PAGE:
Giants’ Sabean throws all logic out the window, acquires Jose Guillen

April 12, 2010: Kansas City Royals' Jose Guillen (6) during the MLB baseball game between the Kansas City Royals vs Detroit Tigers at Comerica Park in Detroit, Michigan.

Jose Guillen can’t play defense, can’t get on base and he can’t hit for average.

So naturally Giants’ GM Brian Sabean had to have him.

On Friday, the Giants acquired the 34-year-old former Royal, who is well known for having a poor clubhouse reputation. That’s something the close-nit Giants don’t need right now heading into a huge weekend series with the first place Padres (the team the Giants are trailing by 2.5 games in the NL West).

Clearly hypnotized by his 16 homers this season, Sabean felt the need to add the outfielder despite the fact that Guillen is more useless than a chair with only two legs. Plus, his acquisition means that Aaron Rowand, Travis Ishikawa (assuming Aubrey Huff moves back to first base) and Nate Schierholtz will receive less playing time than they already are, which is befuddling when you consider that Guillen isn’t a better option than any of them.

If I punch myself in the side of the head enough times and squint hard enough, I might see the need for Guillen as a pinch hitter. But there’s no way that the Giants actually believe this schmuck is a starter. Do you know how much ground there is to cover in right field at AT&T Park? Guillen would be an absolute train wreck and for what? A couple of home runs down the stretch? I thought that’s what Pat Burrell was for? Didn’t Sabean already acquire Pat Burrell already? I’m confused.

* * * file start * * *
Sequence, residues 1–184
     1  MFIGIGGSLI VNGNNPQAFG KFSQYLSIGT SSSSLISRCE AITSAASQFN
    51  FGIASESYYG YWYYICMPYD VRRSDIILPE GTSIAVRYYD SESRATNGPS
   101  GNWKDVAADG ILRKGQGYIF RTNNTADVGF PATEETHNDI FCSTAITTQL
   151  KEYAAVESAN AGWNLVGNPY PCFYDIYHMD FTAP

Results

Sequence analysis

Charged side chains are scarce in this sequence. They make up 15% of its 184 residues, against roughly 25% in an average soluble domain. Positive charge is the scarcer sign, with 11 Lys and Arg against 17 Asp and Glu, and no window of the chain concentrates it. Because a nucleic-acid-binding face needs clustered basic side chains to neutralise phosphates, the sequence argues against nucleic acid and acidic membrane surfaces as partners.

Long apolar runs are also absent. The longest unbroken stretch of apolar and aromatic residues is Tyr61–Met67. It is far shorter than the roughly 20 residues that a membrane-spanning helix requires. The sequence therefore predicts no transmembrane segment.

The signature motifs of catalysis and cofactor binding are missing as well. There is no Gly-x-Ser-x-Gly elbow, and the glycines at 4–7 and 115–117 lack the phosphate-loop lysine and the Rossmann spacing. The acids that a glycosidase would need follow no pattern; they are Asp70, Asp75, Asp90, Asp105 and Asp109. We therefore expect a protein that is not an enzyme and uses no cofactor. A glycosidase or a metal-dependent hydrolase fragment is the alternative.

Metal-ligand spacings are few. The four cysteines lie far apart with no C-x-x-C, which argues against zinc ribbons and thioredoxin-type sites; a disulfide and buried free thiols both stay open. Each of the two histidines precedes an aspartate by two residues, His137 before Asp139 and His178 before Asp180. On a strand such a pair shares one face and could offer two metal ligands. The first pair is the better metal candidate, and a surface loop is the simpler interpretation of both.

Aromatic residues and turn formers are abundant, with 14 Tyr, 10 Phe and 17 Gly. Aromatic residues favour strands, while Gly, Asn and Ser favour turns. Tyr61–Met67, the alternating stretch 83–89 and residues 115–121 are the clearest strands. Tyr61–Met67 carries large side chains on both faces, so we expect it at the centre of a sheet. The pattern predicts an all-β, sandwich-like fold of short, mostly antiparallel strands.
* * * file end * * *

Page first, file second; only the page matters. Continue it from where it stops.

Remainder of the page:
The worst part is, Sabean traded away two capable outfielders earlier this season in Fred Lewis and John Bower – two homegrown players that were better defensively than Guillen and who came with zero baggage. How does trading Lewis and Bowker and trading for Guillen make any sense? Tell me what the difference is between those players, or how Guillen makes the Giants better than Lewis and Bowker? And what happens to Schierholtz? The kid entered spring training as the favorite to start in right field and after a poor couple of weeks at the plate, he became Lewis’d, Bowker’d and Kevin Frandsen’d in the blink of an eye. If I were a Giants’ farm player, I’d want to be dealt immediately because Sabean will eventually block my position with a crusty old vet. It’s only a matter of time.